Can toxicokinetic and toxicodynamic modeling be used to understand and predict synergistic interactions between chemicals?

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Can toxicokinetic and toxicodynamic modeling be used to understand and predict synergistic interactions between chemicals? / Cedergreen, Nina; Dalhoff, Kristoffer; Li, Dan; Gottardi, Michele; Kretschmann, Andreas Christopher.

In: Environmental Science & Technology (Washington), Vol. 51, No. 24, 2017, p. 14379-14389.

Research output: Contribution to journalJournal articleResearchpeer-review

Harvard

Cedergreen, N, Dalhoff, K, Li, D, Gottardi, M & Kretschmann, AC 2017, 'Can toxicokinetic and toxicodynamic modeling be used to understand and predict synergistic interactions between chemicals?', Environmental Science & Technology (Washington), vol. 51, no. 24, pp. 14379-14389. https://doi.org/10.1021/acs.est.7b02723

APA

Cedergreen, N., Dalhoff, K., Li, D., Gottardi, M., & Kretschmann, A. C. (2017). Can toxicokinetic and toxicodynamic modeling be used to understand and predict synergistic interactions between chemicals? Environmental Science & Technology (Washington), 51(24), 14379-14389. https://doi.org/10.1021/acs.est.7b02723

Vancouver

Cedergreen N, Dalhoff K, Li D, Gottardi M, Kretschmann AC. Can toxicokinetic and toxicodynamic modeling be used to understand and predict synergistic interactions between chemicals? Environmental Science & Technology (Washington). 2017;51(24):14379-14389. https://doi.org/10.1021/acs.est.7b02723

Author

Cedergreen, Nina ; Dalhoff, Kristoffer ; Li, Dan ; Gottardi, Michele ; Kretschmann, Andreas Christopher. / Can toxicokinetic and toxicodynamic modeling be used to understand and predict synergistic interactions between chemicals?. In: Environmental Science & Technology (Washington). 2017 ; Vol. 51, No. 24. pp. 14379-14389.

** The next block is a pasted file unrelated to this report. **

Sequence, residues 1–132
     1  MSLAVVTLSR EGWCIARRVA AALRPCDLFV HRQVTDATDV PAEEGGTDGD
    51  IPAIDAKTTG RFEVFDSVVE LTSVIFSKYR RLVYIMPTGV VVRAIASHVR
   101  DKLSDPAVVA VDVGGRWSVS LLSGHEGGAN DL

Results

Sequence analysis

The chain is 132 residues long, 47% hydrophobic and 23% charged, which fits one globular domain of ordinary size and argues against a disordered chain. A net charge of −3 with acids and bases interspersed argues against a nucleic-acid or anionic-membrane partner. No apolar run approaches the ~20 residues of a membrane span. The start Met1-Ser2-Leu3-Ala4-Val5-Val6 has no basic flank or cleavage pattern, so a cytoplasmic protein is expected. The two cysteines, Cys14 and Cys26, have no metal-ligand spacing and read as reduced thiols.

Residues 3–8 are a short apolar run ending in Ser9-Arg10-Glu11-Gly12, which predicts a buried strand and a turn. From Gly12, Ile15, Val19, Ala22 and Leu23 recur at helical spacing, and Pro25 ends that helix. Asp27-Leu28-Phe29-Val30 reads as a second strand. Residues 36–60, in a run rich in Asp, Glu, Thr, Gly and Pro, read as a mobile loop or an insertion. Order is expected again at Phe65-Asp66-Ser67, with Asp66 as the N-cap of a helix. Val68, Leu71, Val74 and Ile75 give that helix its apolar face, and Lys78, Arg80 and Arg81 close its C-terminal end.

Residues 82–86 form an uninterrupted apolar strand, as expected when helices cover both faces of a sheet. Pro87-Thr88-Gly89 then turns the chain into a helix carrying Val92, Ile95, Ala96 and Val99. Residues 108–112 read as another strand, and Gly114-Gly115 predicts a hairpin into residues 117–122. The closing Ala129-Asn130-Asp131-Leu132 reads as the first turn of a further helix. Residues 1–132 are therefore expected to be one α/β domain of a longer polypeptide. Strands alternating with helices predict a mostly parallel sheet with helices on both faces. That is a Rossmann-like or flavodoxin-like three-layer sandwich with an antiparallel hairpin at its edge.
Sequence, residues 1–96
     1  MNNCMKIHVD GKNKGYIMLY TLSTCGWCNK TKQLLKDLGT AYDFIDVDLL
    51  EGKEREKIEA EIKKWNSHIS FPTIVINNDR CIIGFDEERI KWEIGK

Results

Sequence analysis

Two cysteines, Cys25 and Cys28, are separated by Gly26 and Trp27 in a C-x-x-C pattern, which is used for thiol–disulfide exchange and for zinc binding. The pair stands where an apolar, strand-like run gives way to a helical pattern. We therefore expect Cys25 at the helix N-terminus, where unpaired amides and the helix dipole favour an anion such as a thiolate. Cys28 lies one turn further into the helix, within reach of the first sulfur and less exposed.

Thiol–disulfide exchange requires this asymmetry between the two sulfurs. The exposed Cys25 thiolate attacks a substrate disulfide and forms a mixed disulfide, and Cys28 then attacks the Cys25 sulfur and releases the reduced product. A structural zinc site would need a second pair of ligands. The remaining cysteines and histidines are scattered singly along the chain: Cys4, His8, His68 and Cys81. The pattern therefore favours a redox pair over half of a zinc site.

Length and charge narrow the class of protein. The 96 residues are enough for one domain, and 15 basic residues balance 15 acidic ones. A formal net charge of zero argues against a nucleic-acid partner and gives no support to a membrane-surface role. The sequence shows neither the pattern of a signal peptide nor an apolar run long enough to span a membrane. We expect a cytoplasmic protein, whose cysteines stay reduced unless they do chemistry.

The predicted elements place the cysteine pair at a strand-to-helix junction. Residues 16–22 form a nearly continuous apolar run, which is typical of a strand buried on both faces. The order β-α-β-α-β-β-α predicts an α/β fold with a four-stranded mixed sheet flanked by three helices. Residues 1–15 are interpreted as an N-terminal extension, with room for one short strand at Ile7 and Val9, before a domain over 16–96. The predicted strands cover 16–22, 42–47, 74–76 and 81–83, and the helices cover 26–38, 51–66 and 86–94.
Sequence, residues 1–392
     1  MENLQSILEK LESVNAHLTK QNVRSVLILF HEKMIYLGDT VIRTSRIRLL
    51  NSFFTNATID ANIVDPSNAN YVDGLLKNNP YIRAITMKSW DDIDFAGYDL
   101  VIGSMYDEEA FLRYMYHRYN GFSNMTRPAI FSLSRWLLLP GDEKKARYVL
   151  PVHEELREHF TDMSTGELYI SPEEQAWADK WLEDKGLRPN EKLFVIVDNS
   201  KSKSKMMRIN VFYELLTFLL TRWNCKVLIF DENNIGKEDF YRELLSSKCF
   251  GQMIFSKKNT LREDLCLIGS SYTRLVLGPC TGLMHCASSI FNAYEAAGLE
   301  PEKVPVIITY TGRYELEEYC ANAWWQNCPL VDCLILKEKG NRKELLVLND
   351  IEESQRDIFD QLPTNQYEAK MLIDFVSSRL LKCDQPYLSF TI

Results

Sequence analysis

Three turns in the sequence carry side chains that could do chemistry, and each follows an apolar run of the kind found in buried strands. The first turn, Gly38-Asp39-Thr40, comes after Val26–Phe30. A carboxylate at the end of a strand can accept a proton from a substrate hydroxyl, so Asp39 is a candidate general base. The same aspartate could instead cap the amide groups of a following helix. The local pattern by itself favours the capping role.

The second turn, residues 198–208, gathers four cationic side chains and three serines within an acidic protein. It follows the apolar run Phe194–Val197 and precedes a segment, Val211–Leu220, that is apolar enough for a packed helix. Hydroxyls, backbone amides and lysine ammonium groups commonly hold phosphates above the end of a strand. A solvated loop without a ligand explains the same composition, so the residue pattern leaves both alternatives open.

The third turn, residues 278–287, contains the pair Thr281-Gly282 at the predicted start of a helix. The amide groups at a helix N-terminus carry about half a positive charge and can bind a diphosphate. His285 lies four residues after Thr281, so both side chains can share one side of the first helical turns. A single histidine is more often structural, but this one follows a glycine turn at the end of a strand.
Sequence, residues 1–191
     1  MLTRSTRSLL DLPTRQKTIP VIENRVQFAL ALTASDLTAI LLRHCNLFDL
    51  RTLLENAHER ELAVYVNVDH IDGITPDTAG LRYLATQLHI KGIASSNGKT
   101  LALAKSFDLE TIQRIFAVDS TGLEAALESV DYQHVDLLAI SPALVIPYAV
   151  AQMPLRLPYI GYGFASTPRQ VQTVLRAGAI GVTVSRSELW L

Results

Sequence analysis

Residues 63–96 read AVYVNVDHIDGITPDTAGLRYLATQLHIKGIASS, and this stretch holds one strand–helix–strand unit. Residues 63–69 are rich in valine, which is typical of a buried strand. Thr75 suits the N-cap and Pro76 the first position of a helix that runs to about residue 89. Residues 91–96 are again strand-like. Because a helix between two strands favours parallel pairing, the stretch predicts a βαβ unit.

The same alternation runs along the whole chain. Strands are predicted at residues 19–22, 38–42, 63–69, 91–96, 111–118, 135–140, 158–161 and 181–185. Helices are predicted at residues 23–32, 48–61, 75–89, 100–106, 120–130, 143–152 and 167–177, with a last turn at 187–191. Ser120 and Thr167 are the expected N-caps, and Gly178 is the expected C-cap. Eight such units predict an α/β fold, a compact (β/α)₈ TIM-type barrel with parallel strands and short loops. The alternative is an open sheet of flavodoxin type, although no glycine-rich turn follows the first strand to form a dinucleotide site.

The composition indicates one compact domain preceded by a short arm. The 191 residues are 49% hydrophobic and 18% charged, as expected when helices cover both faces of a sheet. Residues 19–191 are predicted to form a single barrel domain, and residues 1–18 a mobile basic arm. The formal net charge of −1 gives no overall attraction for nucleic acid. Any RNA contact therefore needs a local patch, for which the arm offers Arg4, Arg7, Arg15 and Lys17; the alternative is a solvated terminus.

Bibtex

@article{fae729226a214a67a61ccc4acee06d13,
title = "Can toxicokinetic and toxicodynamic modeling be used to understand and predict synergistic interactions between chemicals?",
abstract = "Some chemicals are known to enhance the effect of other chemicals beyond what can be predicted with standard mixture models, such as concentration addition and independent action. These chemicals are called synergists. Up until now, no models exist that can predict the joint effect of mixtures including synergists. The aim of the present study is to develop a mechanistic toxicokinetic (TK) and toxicodynamic (TD) model for the synergistic mixture of the azole fungicide, propiconazole (the synergist), and the insecticide, α-cypermethrin, on the mortality of the crustacean Daphnia magna. The study tests the hypothesis that the mechanism of synergy is the azole decreasing the biotransformation rate of α-cypermethrin and validates the predictive ability of the model on another azole with a different potency: prochloraz. The study showed that the synergistic potential of azoles could be explained by their effect on the biotransformation rate but that this effect could only partly be explained by the effect of the two azoles on cytochrome P450 activity, measured on D. magna in vivo. TKTD models of interacting mixtures seem to be a promising tool to test mechanisms of interactions between chemicals. Their predictive ability is, however, still uncertain.",
keywords = "Journal Article",
author = "Nina Cedergreen and Kristoffer Dalhoff and Dan Li and Michele Gottardi and Kretschmann, {Andreas Christopher}",